Against these bullish historical trends are set two very bearish ones. The first is that no president since FDR has run for reelection with the unemployment rate above 8 percent. And the outlook for 2012 is grim. The White House Office of Management and Budget projects 8.1 percent unemployment in 2012. So does the Congressional Budget Office. And those are the rosy scenarios. Other forecasters, from Goldman Sachs to the IMF, predict that the unemployment rate will be 10 percent in 2011 and only somewhat lower in 2012…

The final trend, however, is the most troubling for Obama, because it hints at an underlying problem with his presidency: Since FDR, no president has won reelection without enlarging his share of the popular vote…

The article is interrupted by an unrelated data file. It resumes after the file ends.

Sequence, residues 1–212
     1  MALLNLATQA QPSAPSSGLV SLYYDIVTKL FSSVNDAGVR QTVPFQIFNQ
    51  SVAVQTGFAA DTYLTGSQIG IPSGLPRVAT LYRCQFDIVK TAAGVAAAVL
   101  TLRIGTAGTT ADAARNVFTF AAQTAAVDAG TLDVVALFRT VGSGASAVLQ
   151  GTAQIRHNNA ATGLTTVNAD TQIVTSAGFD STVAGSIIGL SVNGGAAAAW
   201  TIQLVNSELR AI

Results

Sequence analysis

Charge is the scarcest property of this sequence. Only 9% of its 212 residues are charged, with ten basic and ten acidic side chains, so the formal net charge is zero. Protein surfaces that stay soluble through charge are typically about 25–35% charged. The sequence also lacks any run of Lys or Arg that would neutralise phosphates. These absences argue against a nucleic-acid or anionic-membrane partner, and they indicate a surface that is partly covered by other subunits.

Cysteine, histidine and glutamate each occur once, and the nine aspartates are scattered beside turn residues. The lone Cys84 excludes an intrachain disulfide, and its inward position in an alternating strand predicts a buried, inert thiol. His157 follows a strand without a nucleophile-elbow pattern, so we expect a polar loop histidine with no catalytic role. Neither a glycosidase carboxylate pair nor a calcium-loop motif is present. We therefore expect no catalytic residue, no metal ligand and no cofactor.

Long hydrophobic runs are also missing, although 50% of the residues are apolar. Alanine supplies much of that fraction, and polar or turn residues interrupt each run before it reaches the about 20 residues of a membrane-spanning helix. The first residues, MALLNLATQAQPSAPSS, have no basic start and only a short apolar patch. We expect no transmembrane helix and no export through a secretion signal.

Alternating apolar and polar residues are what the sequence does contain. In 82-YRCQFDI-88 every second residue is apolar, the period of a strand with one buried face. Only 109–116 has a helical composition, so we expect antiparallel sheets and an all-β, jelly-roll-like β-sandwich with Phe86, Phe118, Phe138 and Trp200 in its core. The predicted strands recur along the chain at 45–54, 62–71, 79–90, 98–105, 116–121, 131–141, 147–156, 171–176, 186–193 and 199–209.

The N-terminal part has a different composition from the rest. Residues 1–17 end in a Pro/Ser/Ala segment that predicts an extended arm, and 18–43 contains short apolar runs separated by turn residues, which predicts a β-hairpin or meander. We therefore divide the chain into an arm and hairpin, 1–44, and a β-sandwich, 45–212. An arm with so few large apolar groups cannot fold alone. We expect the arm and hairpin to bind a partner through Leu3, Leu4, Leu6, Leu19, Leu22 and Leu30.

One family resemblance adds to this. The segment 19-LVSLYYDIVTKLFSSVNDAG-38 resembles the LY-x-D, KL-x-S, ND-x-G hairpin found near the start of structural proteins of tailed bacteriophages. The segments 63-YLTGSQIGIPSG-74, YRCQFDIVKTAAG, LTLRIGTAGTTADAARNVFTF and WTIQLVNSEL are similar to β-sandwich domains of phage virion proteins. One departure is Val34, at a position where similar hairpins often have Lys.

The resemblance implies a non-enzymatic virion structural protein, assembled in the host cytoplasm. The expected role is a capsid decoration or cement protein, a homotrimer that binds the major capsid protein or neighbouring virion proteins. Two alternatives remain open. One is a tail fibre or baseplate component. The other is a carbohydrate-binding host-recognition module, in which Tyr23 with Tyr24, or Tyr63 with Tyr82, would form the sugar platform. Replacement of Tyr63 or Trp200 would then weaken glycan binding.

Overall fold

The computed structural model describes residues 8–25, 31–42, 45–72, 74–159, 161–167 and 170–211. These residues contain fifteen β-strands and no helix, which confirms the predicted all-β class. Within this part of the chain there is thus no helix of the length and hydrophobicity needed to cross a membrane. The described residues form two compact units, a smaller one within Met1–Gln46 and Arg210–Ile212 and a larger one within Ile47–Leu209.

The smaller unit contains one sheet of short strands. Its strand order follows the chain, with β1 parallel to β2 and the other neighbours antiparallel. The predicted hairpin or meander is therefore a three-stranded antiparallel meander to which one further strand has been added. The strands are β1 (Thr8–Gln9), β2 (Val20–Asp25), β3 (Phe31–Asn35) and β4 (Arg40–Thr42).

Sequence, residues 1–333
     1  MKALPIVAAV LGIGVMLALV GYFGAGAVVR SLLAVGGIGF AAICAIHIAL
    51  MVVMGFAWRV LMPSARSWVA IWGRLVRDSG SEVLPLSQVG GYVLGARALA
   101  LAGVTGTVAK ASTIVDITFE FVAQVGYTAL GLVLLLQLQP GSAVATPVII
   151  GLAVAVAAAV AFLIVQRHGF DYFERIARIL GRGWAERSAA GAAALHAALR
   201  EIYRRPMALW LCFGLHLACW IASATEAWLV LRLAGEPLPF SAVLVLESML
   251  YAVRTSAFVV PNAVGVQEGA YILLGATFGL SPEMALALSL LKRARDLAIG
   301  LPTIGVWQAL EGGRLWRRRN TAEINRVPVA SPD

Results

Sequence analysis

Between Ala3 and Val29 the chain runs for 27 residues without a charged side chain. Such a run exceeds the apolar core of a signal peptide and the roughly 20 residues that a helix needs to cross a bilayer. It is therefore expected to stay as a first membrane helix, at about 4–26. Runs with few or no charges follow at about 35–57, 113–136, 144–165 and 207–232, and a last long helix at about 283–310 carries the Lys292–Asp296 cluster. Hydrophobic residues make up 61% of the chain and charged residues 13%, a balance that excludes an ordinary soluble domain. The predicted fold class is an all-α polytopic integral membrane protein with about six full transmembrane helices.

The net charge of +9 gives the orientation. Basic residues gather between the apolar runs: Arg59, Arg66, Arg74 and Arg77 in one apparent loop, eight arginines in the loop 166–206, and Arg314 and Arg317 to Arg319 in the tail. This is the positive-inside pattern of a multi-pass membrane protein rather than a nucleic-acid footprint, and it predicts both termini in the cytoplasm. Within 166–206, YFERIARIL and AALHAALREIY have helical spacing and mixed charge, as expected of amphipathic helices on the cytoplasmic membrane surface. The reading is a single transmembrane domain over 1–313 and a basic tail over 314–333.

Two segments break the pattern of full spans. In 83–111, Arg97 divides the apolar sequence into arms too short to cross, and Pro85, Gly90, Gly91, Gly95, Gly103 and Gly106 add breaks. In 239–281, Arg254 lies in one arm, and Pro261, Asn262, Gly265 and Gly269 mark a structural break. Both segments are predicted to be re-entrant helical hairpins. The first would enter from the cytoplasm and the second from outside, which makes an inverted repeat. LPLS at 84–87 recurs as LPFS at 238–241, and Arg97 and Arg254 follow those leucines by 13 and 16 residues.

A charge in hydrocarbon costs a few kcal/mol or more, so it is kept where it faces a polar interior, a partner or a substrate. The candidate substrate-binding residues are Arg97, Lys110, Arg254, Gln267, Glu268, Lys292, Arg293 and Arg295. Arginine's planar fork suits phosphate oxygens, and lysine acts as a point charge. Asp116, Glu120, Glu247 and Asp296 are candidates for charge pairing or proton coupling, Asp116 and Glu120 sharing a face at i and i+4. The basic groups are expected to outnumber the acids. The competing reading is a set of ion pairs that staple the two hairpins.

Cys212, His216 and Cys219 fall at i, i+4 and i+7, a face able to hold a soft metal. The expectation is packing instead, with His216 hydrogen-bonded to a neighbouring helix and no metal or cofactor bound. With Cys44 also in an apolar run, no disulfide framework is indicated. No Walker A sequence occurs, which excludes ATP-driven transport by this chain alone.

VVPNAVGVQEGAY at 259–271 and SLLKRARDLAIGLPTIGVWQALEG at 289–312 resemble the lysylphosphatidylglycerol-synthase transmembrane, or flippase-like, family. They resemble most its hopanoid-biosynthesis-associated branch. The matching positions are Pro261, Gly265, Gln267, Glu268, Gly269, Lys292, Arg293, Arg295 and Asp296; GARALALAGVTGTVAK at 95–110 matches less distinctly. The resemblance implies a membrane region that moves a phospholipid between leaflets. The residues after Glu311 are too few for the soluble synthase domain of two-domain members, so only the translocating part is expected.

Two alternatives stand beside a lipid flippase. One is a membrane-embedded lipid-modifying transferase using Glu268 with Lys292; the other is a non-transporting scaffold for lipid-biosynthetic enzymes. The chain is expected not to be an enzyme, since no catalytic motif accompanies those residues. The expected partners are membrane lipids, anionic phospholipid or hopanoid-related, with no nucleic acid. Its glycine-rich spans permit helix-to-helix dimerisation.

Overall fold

These numbers suggest that an essential feature of successful presidents is that they find ways to broaden their coalitions. Doing the opposite—pursuing policies which shed support, but keep just enough of it to maintain a majority—is a very difficult needle to thread. How difficult? FDR in 1940 was the first president to do it since Andrew Jackson in 1832. And he had the Great Depression and World War II working in his favor and was starting from the second-highest popular-vote margin ever recorded.